Eleanor arrived jet lagged and sleep-deprived early in the morning- so what better than to whisk her off on a 48hr tour of the Sacred Valley? She coped brilliantly, and the sights we saw were quite stunning. My favourites were the terraced water courses of Tipon, a really beautiful and inspiring landscape. We also enjoyed the huge agricultural installations at Moray, if not our guide's utterly incomprehensible explanations of what exactly the site was for*. We spent a night in a beautiful little hotel in Ollantaytambo, the place whose name no gringo can pronounce, overlooking the huge fortress which looms next to the town, and visited various markets through the valley. The valley is a beautiful place and visiting the stunning structures constituted a good appetiser for the Inca Trail and 'main event' of Macchu Picchu.
* Another aside: we have had a lot of guides recently, after only two or three for the first six or seven months of travel. I suppose it is in the nature of the places we have been visiting- fewer expansive landscapes, more things of zoological or historical interest. Most have been lovely but I shall be glad to live my life without a guide for a while. There is a certain level of bullsh*t to be cut through from each, and it takes a certain amount of experience to identify when they are 'winging it'. We have heard directly contradictory 'facts' from different guides, which would be ok if they weren't delivered as gospel truths. And most seem to have a disconcerting habit of belly-laughing at my honest attempts at answering their occasional questions. At the same time, though, it has been genuinely sad to say goodbye to some of them because, as with our fellow tourists on many excursions, close bonds can be formed in a very short time when you are experiencing wonderful things.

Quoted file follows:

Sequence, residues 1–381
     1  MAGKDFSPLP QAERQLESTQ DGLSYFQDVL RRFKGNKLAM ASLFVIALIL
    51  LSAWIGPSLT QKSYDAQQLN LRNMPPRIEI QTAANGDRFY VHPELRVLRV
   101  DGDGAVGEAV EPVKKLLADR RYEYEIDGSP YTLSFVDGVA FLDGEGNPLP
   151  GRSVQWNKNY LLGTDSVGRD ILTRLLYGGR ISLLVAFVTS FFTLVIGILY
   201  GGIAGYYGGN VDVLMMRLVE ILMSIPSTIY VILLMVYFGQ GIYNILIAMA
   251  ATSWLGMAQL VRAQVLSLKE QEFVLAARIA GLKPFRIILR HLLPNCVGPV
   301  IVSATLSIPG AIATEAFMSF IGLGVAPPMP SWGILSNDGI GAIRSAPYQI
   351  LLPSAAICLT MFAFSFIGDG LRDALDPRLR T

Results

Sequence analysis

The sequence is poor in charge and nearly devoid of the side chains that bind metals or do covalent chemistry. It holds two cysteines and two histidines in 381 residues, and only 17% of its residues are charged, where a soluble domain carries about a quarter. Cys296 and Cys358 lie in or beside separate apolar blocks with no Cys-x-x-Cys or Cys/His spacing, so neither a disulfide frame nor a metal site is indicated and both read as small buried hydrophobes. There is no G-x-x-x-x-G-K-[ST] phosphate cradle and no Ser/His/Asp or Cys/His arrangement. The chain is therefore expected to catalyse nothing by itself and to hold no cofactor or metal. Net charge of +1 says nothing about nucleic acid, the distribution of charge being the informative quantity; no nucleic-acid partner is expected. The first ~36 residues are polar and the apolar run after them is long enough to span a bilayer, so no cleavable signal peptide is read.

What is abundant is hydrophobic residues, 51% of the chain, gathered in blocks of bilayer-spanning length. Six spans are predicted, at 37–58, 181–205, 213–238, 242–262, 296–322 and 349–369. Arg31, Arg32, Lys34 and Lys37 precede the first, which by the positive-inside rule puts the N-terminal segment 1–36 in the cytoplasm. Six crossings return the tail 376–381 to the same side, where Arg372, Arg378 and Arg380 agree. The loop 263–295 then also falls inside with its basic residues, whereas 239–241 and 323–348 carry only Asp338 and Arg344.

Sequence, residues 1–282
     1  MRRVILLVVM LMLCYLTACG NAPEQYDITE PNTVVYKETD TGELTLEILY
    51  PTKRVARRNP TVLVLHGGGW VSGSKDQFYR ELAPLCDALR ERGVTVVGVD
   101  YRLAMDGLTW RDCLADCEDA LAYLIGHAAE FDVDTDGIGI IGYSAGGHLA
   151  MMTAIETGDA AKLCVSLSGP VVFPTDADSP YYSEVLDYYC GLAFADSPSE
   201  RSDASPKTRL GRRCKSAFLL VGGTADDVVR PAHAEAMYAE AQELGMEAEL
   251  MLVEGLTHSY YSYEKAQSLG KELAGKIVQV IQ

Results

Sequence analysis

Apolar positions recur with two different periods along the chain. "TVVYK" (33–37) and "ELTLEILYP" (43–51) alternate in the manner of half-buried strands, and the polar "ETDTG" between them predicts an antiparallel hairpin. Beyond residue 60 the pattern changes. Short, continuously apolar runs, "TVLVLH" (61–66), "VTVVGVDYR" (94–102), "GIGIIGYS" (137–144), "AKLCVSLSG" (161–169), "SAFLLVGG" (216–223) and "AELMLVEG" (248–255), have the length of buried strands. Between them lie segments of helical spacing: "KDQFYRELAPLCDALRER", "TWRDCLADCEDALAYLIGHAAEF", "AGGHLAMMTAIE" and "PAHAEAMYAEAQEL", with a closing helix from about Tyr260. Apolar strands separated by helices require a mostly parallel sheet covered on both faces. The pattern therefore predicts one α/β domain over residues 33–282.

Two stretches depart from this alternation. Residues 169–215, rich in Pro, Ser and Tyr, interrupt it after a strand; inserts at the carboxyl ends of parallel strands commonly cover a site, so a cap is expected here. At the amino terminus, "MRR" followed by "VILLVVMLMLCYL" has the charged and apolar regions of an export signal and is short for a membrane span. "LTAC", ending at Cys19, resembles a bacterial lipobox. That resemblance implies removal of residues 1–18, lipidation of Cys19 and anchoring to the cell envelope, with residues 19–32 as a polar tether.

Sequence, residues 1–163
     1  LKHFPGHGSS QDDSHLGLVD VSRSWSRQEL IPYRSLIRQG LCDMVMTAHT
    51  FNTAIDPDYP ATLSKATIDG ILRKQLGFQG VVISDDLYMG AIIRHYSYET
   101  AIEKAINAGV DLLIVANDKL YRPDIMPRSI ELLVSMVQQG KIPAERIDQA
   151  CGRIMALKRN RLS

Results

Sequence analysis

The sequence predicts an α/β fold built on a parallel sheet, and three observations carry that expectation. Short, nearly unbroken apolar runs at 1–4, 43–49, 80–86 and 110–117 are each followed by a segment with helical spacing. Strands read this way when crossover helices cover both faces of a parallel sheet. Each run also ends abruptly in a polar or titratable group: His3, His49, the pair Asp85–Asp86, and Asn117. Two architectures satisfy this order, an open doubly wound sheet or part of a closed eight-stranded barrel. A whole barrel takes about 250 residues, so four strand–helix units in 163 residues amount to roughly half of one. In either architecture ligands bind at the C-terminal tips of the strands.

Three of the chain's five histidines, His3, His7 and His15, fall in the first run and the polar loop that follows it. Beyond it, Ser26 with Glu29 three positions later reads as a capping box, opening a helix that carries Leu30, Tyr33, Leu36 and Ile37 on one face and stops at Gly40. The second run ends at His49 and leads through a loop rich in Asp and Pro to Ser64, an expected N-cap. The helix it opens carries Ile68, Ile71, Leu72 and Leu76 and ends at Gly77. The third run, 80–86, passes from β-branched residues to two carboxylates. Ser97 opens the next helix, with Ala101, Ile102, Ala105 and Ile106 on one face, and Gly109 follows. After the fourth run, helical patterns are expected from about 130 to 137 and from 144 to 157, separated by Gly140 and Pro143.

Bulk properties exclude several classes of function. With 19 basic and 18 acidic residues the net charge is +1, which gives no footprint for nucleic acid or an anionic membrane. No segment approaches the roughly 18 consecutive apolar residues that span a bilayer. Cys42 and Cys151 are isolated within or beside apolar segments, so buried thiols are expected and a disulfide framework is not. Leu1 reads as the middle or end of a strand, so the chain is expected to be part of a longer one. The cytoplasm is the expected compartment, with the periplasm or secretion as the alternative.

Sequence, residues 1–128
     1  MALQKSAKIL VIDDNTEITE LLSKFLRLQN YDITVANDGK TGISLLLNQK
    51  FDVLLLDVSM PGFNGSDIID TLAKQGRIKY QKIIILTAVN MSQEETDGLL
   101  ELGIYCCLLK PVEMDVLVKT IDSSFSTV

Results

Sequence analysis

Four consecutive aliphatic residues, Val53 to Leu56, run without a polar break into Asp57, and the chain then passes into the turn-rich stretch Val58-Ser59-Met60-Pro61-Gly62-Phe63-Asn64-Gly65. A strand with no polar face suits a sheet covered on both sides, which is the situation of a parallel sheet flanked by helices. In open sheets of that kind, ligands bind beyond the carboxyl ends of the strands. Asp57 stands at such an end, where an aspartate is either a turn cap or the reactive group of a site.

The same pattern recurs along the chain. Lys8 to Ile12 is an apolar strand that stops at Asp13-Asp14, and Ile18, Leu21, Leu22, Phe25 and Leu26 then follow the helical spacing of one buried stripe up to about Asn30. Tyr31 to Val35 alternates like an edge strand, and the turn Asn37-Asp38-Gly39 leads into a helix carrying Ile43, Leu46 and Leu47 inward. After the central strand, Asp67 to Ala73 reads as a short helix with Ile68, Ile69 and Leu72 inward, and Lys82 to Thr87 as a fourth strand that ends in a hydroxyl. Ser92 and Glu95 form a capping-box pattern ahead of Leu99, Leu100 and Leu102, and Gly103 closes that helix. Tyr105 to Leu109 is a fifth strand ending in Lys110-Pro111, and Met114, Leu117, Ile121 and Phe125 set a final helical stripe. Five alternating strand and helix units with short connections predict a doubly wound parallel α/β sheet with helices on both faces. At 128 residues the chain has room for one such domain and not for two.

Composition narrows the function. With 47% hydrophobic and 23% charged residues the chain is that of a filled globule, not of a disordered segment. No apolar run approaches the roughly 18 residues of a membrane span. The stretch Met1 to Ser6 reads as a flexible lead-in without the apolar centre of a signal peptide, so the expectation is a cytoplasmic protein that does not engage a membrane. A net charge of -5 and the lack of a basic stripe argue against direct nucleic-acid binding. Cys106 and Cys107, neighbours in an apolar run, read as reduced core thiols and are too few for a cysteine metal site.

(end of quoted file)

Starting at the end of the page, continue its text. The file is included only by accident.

With that I am going to go and get ready for dinner. The sun has dropped behind the mountain and it is getting a little chilly. Hester is wandering round, open mouthed, with her binoculars and camera, agog at the bird life here. It really is beautiful and we have all day here tomorrow, so I'll complete the Peru missive then.